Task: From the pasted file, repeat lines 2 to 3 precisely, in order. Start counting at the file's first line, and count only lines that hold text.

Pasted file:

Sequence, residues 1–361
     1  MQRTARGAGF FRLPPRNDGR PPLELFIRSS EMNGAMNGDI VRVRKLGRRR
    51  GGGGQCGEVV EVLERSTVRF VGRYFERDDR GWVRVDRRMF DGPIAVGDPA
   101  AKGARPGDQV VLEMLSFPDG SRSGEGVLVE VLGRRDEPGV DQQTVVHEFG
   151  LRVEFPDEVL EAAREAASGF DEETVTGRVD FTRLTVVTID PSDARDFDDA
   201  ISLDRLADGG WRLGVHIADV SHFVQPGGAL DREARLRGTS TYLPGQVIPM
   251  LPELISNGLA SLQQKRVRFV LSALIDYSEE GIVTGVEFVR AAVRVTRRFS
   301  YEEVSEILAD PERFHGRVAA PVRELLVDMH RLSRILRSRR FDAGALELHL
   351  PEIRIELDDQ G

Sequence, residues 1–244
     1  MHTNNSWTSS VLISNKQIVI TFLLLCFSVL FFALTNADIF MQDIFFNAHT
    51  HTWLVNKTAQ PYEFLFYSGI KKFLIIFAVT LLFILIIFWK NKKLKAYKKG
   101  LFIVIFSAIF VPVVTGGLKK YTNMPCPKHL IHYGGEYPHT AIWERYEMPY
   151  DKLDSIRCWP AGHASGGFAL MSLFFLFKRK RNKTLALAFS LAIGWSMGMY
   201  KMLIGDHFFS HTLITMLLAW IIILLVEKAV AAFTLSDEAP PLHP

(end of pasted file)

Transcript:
     1  MQRTARGAGF FRLPPRNDGR PPLELFIRSS EMNGAMNGDI VRVRKLGRRR
    51  GGGGQCGEVV EVLERSTVRF VGRYFERDDR GWVRVDRRMF DGPIAVGDPA